Evidence-Based Approaches to Addiction Treatment
By The Orlando Recovery Center
Editor Christina Bockisch
Last Updated: April 10, 2023
Editorial Policy | Research Policy
Do a quick online search of addiction treatment options, and you’ll find an overwhelming number of results. To make matters worse, there are numerous alternatives that promise to heal with the help of herbal tablets or special necklaces. Although some of these approaches may sound promising, more than likely, they won’t be effective addiction treatment options.
Choosing the right addiction treatment option is a critical step in recovery, as it may be the difference between quitting or relapsing. Unfortunately, there are too many stories of people trying to quit who are unable to do so because they end up with a treatment option that is not suited to their needs.
What Is Evidence-Based Treatment?
Understanding how different treatment options perform is often helpful in making a decision regarding the right addiction treatment program – which is the basis of evidence-based treatment for substance abuse.
Healthcare professionals use this information to offer the best possible advice to their clients. Instead of recommending treatment options based on their personal preferences, they are able to rely on quality research to decide what will work in a given scenario. This helps ensure those who are attempting to get sober have the best possible resources at their disposal.
There are a number of potential issues with addiction treatment programs that are not evidence-based:
- With no real evidence to back up the claim that a treatment program works, there is no reason why it should work for an individual. This often leads to people wasting their time on a treatment option that is ineffective.
- Some people only have one shot at recovery. If they choose an ineffective treatment option, they may have lost a valuable opportunity to get sober.
- When people fail in treatment, it’s often discouraging and may be a huge setback. This frequently makes it difficult to quit in the future.
- Choosing a program that is not evidence-based may mean wasting time and money.
- Treatment programs that are not evidence-based may harm the reputation of proven recovery treatment programs.
Evidence-Based Approaches To Addiction Treatment
Each evidence-based approach to substance abuse treatment is designed to address certain aspects of addiction and its consequences for the individual, family and society. Some of these approaches are designed to supplement existing treatment programs while others are fairly comprehensive on their own.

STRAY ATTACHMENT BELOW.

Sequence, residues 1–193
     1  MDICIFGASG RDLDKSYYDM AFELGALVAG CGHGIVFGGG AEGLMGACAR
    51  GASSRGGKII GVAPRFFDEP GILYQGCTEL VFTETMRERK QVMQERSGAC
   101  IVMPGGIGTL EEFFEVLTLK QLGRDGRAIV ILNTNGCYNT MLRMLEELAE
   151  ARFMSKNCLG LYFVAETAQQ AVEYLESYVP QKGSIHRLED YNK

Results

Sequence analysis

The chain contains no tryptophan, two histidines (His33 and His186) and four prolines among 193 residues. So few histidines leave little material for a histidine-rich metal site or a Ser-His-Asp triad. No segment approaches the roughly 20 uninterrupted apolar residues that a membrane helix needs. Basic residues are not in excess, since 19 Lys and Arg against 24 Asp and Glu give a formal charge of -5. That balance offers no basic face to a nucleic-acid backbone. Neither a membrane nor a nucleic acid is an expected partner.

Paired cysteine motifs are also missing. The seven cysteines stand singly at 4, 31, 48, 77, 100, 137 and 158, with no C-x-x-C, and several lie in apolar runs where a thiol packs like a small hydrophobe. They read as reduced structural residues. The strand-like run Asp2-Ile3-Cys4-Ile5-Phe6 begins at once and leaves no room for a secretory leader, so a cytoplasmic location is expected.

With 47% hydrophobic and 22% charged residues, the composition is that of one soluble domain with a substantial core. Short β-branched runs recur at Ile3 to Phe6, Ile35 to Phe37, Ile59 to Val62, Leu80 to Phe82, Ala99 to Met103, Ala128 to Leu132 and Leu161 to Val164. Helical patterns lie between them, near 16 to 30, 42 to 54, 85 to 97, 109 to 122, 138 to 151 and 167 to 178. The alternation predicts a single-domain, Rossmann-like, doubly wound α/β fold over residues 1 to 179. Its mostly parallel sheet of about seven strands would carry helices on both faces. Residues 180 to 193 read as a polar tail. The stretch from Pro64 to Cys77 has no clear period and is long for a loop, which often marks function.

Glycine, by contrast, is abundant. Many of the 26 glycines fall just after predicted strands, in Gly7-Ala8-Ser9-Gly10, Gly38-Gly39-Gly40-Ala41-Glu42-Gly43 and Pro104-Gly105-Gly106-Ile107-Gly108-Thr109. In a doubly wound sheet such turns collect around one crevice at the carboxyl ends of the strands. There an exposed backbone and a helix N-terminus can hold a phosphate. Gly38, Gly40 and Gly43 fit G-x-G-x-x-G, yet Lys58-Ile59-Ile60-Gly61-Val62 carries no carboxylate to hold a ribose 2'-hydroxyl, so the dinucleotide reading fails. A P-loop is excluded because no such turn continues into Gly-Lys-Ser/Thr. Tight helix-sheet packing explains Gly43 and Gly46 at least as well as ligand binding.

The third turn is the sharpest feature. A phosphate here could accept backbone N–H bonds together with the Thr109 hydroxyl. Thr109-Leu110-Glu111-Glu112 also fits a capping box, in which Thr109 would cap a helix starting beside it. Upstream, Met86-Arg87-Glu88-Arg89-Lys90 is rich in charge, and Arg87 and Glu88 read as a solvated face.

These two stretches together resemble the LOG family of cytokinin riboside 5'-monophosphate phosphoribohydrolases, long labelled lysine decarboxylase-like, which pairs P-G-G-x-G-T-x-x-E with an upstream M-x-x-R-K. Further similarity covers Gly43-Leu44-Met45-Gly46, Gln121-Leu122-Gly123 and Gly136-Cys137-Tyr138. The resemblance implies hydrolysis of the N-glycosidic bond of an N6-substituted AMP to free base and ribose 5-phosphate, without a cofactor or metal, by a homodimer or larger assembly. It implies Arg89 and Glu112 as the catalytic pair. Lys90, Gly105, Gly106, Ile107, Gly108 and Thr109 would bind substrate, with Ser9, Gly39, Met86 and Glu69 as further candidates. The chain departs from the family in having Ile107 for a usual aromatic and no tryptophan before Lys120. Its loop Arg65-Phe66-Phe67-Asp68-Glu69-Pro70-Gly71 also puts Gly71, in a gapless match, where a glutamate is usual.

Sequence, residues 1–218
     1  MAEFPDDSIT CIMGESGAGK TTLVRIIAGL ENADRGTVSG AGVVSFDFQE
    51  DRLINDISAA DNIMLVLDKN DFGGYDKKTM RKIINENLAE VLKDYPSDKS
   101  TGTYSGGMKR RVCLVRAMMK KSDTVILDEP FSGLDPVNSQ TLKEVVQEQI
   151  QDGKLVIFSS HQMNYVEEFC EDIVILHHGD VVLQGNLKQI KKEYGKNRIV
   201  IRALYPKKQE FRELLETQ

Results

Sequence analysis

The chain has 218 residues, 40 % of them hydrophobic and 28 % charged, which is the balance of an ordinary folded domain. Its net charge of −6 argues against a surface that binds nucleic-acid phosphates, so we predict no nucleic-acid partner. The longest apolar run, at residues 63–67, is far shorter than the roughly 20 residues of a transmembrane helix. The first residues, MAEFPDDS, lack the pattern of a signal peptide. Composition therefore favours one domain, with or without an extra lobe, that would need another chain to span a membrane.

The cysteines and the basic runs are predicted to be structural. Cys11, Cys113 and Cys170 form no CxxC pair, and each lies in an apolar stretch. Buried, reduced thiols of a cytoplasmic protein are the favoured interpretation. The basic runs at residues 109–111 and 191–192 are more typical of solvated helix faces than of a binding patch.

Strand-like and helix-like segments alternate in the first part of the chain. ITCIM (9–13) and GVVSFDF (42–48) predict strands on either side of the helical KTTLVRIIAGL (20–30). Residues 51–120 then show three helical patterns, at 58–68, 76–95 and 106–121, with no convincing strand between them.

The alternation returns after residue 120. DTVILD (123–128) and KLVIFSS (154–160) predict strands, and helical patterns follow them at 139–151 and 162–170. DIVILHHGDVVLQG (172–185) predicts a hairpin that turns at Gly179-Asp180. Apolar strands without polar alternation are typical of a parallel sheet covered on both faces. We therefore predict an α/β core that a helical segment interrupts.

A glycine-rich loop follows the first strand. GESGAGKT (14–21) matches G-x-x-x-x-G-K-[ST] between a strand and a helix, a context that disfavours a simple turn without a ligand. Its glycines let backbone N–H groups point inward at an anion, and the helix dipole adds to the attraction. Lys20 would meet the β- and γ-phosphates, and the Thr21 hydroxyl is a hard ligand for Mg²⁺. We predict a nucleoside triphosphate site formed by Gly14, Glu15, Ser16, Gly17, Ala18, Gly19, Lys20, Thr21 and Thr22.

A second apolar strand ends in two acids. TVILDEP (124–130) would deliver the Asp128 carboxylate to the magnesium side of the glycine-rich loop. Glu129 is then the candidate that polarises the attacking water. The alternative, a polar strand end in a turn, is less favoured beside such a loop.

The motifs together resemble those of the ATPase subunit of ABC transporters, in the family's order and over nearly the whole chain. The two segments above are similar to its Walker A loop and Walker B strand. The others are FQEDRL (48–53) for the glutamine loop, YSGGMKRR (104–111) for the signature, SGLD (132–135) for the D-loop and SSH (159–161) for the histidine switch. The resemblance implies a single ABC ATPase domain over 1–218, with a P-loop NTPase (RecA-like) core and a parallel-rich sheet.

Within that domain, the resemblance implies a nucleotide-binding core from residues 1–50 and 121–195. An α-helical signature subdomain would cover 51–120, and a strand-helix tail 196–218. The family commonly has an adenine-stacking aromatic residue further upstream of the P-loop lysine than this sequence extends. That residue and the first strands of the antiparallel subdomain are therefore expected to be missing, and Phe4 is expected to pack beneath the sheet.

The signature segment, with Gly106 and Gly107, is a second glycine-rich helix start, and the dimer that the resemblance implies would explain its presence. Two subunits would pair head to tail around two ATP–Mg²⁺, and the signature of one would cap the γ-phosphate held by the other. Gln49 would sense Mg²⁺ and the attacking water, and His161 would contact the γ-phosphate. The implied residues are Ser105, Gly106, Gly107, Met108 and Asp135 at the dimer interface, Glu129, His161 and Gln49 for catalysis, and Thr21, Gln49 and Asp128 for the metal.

Pharmacotherapy, in relation to substance abuse, refers to the replacement of a person’s drug of choice with a legally prescribed and dispensed substitute. Pharmacotherapy is frequently used with opioid, tobacco and alcohol addictions.
Pharmacotherapies used for different types of addictions include:
- Opioid: Methadone, Buprenorphine and Naltrexone
- Tobacco: Nicotine Replacement Therapy (NRT), Bupropion (Zyban®) and Varenicline (Chantix®)
- Alcohol: Naltrexone, Acamprosate, Disulfiram and Topiramate
Though not effective for everyone, many people find that pharmacotherapy has the ability to stabilize their condition, which allows them to focus on managing their lives, holding down a job and avoiding crime and violence. Once stabilized, many patients work to slowly reduce their dosage in order to live a drug-free life while others may opt for a maintenance program.
2. Behavioral Therapies
Behavioral therapies help engage people in substance abuse treatment, provide incentives for them to stay clean, change their attitudes and behaviors related to substance abuse and increase their life skills to handle stressful circumstances that typically trigger the use of drugs or alcohol. Some behavioral therapies have shown to be effective in addressing substance abuse include:
- Cognitive-Behavioral Therapy
- Contingency Management Interventions/Motivational Incentives
- Community Reinforcement Approach Plus Vouchers
- Motivational Enhancement Therapy
- The Matrix Model
- 12-Step Facilitation Therapy
- Family Behavioral Therapy
3. Behavioral Therapies Primarily For Adolescents
Adolescents addicted to drugs or alcohol have unique treatment needs. Research has shown that treatments designed for and tested on adults need to be modified in order to be effective in adolescents. Additionally, family involvement is incredibly important for programs targeting youth.
Here are some examples of behavioral interventions that have been proven effective in treating adolescents:
- Multisystemic Therapy (MST)
- Multidimensional Family Therapy
- Brief Strategic Family Therapy
- Functional Family Therapy
- Adolescent Community Reinforcement Approach (A-CRA)
- Assertive Continuing Care (ACC)
There’s no one-size-fits-all solution for addiction treatment, and finding the right option for you may be overwhelming or stressful. By meeting with a trained and experienced addiction recovery professional, you will gain greater insights into evidence-based approaches that will work for your exact needs.
If you or someone you know is struggling with substance abuse and is looking for help, contact the Orlando Recovery Center.